Big Little Lies by Liane Moriarty
UNFORGETTABLE. This was the first book in the lineup to grab my attention as I read it early in the year after watching part of the series created for TV. I stopped watching and read the book before finishing the series. The book wowed me. First, it was highly original in its format—with a technique I loved that gave me an idea for a new novel. The book's characters have also stayed with me all year. I found the plot refreshing, twisted, smacking of reality and I believe very much in the idea that people believe what they want about others without knowing what's really going on in their perfect-on-appearance lives. It made me tear through Liane Moriarty's other works, and while many were enjoyable, none lived up to this piece of sheer perfection.
The Summer List by Amy Mason Doan
DEVOURED. This thoughtful novel about two best friends who become estranged affected me deeply, playing on my own profoundly emotional experience with my first best friend. It’s also set in California (can we get any more nostalgic?) and weaves an original story that left me crying and breathless all at the same time. I also loved Summer Hours, which I purchased as soon as it came out this year. Amy Mason Doan is a deft storyteller with lovely prose that almost feels like sailing. I don’t feel manipulated, pushed or any number of techniques many authors employ to keep the pages turning. Her stories unfold in an authentic way, giving you hints of where you’re going without being able to know exactly where. Her writing speaks to me, maybe because I think similarly to her characters, or have walked in their shoes, or literally on the streets and in the settings she has chosen.
All The Ugly and Wonderful Things by Bryn Greenwood
INCREDIBLE. I purchased this when I heard about the controversy associated with it. I’m all in when people start throwing stones because I, too, think life is messy and lines are blurry sometimes. And this book has it in spades. I’m not a very black-and-white thinker and at times, that’s maybe not an asset but it challenges me to think harder and deeper. This author told a deft, challenging story using multiple points of view. It all worked brilliantly. I stayed in bed to finish this one! I will definitely read more by Greenwood.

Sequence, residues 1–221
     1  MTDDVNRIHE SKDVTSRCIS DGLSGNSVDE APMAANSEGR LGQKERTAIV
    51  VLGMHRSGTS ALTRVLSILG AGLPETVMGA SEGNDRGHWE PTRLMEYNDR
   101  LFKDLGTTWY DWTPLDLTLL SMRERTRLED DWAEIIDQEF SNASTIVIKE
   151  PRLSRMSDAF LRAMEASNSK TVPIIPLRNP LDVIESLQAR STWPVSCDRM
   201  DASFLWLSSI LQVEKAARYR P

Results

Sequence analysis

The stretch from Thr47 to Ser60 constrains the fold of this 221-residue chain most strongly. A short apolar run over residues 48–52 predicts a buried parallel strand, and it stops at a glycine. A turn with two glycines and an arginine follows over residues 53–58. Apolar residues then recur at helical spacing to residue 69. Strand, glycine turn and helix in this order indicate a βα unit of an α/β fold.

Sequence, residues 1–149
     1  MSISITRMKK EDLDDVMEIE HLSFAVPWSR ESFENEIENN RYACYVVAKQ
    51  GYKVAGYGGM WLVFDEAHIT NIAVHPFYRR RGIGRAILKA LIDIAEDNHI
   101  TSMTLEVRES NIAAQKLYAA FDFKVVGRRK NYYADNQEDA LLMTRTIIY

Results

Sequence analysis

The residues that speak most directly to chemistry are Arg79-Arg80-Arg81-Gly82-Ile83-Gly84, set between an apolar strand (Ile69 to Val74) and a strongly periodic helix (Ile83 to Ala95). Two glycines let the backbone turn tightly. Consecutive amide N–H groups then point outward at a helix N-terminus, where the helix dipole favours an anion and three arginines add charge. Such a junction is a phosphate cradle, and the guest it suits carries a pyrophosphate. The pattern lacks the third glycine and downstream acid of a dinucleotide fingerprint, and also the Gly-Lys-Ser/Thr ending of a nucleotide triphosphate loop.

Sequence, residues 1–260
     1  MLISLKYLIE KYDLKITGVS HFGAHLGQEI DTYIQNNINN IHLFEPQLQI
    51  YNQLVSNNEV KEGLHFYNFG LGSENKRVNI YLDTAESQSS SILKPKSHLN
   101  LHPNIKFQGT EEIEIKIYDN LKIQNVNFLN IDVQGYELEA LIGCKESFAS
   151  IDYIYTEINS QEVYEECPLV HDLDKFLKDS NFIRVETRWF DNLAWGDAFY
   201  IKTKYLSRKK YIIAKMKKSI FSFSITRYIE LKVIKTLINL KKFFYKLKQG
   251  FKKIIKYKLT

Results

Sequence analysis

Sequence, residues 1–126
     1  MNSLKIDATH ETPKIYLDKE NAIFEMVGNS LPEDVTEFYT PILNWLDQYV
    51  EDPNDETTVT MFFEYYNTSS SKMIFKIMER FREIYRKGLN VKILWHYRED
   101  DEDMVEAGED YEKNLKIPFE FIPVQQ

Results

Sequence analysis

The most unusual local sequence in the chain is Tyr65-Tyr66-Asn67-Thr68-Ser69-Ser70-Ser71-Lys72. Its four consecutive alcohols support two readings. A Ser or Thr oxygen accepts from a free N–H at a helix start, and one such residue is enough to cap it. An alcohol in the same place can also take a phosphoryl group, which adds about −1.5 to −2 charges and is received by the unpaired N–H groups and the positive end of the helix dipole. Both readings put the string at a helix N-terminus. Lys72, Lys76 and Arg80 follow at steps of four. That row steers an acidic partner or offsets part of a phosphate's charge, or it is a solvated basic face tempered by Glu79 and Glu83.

The F*ck It Diet by Caroline Donner (nonfiction)
HELL TO THE YEAH. This book is f*cking great, validating what it took me a painstaking number of years to figure out on my own. I have experienced a lot of food freedom in the past couple of years and practiced self-love and self-acceptance a hell of a lot longer than that. I stumbled across this book doing research for The Self-Loathing Project, and was just amazed at all the anti-diet blogs, books and movements out there, including this one. Refreshing. Back when I used to try and diet (never very successful or motivated for long), and I punted on whatever thing I was trying, I’d tell people I’d gotten a case of the f*uck-its. Now, I realize, I could have written this book! I know, for some, the content of this book will seem like a bridge too far. Some probably run away shrieking. But dieting (even when under the guise of being a “lifestyle”) is a doomed-for-the-dieter-to-fail enterprise, often for-profit. Maybe you won’t fail right away, but eventually. It doesn’t matter whether you’re buying products, membership, a book, or reading a set of rules and guidelines. When the author of this book said she made intuitive eating a diet, I laughed out loud. Because we can take anything and make it a diet. Some of us are rule followers (but it’s still never enough, is it?) and some of us aren’t (f*ck it!). I highly recommend for everyone f*cked up about food, nutrition, diet, weight, what they eat or don’t eat, can’t or won’t eat, etc.
Please do tell me what books stood out for you this year—I'd love to add to my own list for 2020!